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An Updated Look at Risk Taking for Professional Women

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A new report by KPMG for 2019 called “Risk, Resilience, Reward- Mastering the 3 Rs: The Key to Women’s Success in the Workplace” suggests that women are still cautious when it comes to risk taking in their careers with 69% of report respondents saying they are are open to taking small risks to further their career, but a lower number (43%) revealing that they are open to taking bigger risks that may be associated with career advancement.

Just 8 percent of respondents say risk taking has contributed most to their professional success, crediting task-oriented factors over leadership traits. Instead, women attributed success to good habits such as working hard (73 percent), being detail oriented (45 percent), and organized (45 percent) to their success. Other highlights from the report suggest that women are willing to take risks to ask for new assignments and projects (69%) but less keen to ask for more salary if they deem it to be risky or moving locations for a job (both 35% respectively).

Risk studies that are available on the topic and that we have written about over the years are inconclusive since there are many factors to risk taking, including personality, environment and what is perceived as risky by the taker or even by the system.

However, KPMG’s research is mostly consistent with trends that show women are not as confident as men when it comes to risk taking, including how women think about risk. Research also shows that in some cases, women are more concerned about risk and the impact on a group than men and feel more accountable for the implications of the riskier decision. There are so many factors that correlate and cause women to not want to take risks as well as societal and organizational eroders of even the most confident woman over time, not least the double bind of being “Damned if you do, Doomed if you don’t”. So, knowing all this and still being undaunted, we caught up with Michele Meyer-Shipp, KPMG’s Chief Diversity Officer to discuss this report’s trends and actions for women and men to take in light of the findings.

Nicki (NG): What parts of the report resonated with you personally or otherwise?

Michele (MMS): This report really spoke to me, as throughout my own career I’ve definitely been hesitant at times to take risks. Like the respondents in the report, I thought ‘if I just work hard, everything will happen for me’. It was all about working hard. That’s what I was taught growing up and I truly believed that was all there was to it. It was never ‘go forth and ask for what you want’ – I had to figure that out along the way.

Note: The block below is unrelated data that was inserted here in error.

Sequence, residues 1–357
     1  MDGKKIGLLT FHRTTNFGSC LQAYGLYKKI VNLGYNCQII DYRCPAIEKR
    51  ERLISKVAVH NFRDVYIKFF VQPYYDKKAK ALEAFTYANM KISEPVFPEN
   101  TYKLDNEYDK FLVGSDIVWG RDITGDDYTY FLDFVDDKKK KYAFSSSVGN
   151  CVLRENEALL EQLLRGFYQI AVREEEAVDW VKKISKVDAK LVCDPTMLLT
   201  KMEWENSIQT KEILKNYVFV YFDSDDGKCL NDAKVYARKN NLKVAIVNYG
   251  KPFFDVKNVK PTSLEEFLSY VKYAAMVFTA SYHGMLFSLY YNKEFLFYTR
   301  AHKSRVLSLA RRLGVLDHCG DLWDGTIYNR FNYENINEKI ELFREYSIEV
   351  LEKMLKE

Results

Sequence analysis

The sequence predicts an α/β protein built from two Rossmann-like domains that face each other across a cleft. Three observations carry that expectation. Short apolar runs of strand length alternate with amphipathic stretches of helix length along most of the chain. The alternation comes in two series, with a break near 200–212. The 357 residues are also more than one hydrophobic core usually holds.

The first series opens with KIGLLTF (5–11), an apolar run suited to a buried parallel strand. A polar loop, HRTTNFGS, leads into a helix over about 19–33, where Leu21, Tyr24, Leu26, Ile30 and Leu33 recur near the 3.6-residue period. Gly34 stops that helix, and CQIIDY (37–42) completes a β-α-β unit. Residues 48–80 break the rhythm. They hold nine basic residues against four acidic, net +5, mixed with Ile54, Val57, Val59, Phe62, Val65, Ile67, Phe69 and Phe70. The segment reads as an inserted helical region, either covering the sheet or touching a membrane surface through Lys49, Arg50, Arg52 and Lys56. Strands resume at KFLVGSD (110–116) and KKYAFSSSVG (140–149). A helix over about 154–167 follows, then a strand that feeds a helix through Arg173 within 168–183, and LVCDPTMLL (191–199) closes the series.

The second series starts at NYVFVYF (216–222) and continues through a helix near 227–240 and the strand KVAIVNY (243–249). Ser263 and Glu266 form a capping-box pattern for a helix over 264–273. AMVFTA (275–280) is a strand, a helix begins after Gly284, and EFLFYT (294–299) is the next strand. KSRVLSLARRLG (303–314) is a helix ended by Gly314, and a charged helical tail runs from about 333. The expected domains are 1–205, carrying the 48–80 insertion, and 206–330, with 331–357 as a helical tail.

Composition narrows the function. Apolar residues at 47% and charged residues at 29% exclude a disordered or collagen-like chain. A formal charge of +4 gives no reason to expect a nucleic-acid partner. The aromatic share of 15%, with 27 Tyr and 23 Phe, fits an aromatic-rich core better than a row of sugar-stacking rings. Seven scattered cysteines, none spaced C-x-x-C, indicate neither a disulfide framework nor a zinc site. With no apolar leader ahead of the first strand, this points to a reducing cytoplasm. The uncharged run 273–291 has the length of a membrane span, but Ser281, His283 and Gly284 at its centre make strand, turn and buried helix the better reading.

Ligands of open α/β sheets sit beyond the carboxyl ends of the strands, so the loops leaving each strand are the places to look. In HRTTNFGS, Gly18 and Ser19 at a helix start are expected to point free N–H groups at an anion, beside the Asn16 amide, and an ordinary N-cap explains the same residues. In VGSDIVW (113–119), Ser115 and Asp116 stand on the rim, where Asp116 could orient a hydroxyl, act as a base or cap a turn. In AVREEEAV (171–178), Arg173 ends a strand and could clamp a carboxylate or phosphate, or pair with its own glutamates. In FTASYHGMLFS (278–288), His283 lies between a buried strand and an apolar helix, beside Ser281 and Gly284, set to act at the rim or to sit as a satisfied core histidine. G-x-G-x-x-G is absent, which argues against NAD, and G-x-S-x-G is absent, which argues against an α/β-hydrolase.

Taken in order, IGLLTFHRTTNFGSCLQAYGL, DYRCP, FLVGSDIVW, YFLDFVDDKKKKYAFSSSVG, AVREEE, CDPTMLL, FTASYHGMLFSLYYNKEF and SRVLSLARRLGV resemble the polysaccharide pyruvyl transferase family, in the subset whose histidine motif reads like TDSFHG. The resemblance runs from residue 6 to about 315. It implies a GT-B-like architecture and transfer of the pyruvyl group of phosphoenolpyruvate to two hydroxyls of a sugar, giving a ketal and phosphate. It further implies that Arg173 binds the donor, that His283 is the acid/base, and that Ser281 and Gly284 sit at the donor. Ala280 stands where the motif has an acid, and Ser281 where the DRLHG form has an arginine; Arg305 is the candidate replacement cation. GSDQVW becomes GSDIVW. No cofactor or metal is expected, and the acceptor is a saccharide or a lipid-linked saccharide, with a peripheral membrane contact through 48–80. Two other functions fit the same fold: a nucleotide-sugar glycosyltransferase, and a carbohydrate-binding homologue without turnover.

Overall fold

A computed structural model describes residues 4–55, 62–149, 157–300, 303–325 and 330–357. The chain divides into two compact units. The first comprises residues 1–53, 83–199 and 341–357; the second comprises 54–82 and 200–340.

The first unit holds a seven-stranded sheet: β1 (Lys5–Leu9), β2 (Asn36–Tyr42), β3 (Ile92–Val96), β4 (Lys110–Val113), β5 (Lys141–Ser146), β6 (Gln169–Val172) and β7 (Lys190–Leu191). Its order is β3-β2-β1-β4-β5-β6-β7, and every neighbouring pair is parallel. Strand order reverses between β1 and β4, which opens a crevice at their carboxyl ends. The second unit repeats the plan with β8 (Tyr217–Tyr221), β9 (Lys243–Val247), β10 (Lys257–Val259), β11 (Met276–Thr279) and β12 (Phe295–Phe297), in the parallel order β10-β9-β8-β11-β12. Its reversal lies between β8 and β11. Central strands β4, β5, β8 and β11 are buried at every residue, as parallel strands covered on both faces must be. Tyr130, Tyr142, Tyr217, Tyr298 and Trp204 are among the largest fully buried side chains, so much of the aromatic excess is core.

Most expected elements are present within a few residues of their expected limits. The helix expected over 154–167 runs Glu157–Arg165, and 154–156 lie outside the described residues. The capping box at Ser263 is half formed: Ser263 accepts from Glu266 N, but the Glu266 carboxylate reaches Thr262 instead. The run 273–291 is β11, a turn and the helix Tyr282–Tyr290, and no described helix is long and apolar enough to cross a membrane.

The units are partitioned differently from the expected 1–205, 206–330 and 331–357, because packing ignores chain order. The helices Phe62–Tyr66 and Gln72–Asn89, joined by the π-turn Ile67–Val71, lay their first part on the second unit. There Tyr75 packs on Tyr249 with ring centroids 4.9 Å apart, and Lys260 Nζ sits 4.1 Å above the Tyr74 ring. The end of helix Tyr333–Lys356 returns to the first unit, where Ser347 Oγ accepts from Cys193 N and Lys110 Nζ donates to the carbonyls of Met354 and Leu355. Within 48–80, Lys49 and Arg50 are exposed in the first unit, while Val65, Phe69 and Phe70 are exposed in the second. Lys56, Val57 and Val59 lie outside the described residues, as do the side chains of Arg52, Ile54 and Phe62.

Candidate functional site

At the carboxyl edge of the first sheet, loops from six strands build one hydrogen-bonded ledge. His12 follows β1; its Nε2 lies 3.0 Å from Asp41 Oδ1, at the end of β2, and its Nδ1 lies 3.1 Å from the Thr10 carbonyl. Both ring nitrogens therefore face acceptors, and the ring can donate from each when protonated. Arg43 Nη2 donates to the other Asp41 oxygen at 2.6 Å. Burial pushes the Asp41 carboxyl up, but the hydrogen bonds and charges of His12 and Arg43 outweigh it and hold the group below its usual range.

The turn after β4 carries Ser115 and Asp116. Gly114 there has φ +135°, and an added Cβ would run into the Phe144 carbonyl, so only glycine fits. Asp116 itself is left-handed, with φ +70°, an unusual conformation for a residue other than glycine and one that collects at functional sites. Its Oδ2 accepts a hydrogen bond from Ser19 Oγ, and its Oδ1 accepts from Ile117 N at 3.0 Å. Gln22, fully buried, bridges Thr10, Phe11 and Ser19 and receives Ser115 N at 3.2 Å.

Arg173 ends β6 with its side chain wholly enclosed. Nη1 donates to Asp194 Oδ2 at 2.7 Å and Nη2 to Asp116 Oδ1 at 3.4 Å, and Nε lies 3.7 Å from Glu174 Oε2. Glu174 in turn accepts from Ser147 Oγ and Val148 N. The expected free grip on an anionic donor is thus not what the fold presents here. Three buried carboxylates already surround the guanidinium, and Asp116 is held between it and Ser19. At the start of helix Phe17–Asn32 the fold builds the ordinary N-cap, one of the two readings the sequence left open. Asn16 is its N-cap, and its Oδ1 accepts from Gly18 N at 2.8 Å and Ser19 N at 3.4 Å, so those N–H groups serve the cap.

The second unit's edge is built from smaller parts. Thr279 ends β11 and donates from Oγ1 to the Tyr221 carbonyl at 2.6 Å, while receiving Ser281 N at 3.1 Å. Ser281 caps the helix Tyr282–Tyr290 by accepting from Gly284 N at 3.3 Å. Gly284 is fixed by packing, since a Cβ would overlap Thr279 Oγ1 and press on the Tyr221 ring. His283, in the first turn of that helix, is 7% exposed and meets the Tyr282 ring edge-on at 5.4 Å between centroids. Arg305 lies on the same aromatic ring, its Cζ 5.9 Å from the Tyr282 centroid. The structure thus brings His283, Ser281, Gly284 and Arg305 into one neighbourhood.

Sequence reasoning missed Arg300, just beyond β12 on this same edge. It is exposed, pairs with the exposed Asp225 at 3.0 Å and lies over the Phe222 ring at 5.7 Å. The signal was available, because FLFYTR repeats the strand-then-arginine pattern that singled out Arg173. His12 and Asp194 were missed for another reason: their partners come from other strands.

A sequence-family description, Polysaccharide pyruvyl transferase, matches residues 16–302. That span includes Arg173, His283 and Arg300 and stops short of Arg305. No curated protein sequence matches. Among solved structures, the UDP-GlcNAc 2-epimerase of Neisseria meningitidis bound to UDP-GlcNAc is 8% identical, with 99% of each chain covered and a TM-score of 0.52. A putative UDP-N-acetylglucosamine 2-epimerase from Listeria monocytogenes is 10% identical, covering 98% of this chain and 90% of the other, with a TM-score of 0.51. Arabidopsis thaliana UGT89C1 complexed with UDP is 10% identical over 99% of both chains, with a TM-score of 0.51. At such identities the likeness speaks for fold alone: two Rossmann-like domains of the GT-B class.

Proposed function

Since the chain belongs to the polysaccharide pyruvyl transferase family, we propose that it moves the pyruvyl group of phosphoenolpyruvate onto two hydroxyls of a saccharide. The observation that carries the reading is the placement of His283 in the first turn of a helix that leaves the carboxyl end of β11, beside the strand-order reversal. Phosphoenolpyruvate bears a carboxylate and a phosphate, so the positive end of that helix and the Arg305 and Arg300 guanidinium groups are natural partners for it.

NG: What advice do you have for women regarding risk taking?

MMS: We have to take ownership of our careers, we have to speak up and ask for what we want, and navigate the politics along the way. Don’t assume someone is going to hand you the next job just because you’re working hard; it just doesn’t work that way. Engage your board of mentors, and identify those who are sponsoring you. Your mentors are the people you choose to give you career advice. Your sponsors are the leaders who are advocating for your career. Both are incredibly important.

NG: What role does the organization have in helping women who do take risks?

MMS: Organizations have a huge role to play in helping women who take risks. First and foremost, they must make it clear that risk taking is a welcomed and valued leadership trait. This message has to come not only from the very top of the organization, but also from a woman’s immediate supervisor. From there, when a woman does take that risk, the company must support her in those efforts. For example, a risky new role requires the woman assuming that role to have the support she needs to get the job done. Does she have the right team, the right budgetary support, and so on. These are all factors an organization must consider.

NG: Since most leaders are still men, what role do men have in this?

MMS: Men need to “lean in” and support women on their teams. Some men have hit the snooze button in the wake of the #MeToo movement out of fear and uncertainty, but this is not a moment to sit on the sidelines. It is a great time to decide who we are and what we stand for and to be intentional about it. Whether you are a man or a woman, my advice is to proactively support each other, mentor each other, partner on teams together and advocate for one another. We must ‘assume good intent, until you see otherwise’ as it is a two-way street.

Men must also beware of their unconscious biases as related to women. Let’s face it, if you have a brain, you have a bias. It’s human nature. That said, men need to interrupt stereotypical assumptions they may make about women as that can inevitably lead them to make a bad decision.

NG: What surprised you about the findings in the report?

MMS: I found it really interesting that money remains the top motivator for risk taking. It runs counter to a lot of research and I kind of like that it debunks the notion we are so different. If 40% of women who responded said that they would take risks when there is an opportunity to make more money, then we know that along with the finding that 70% of women tend to be very resilient even in the face of failure, then I have great reason to remain optimistic that we will continue to see women taking smart risks that bring long term rewards.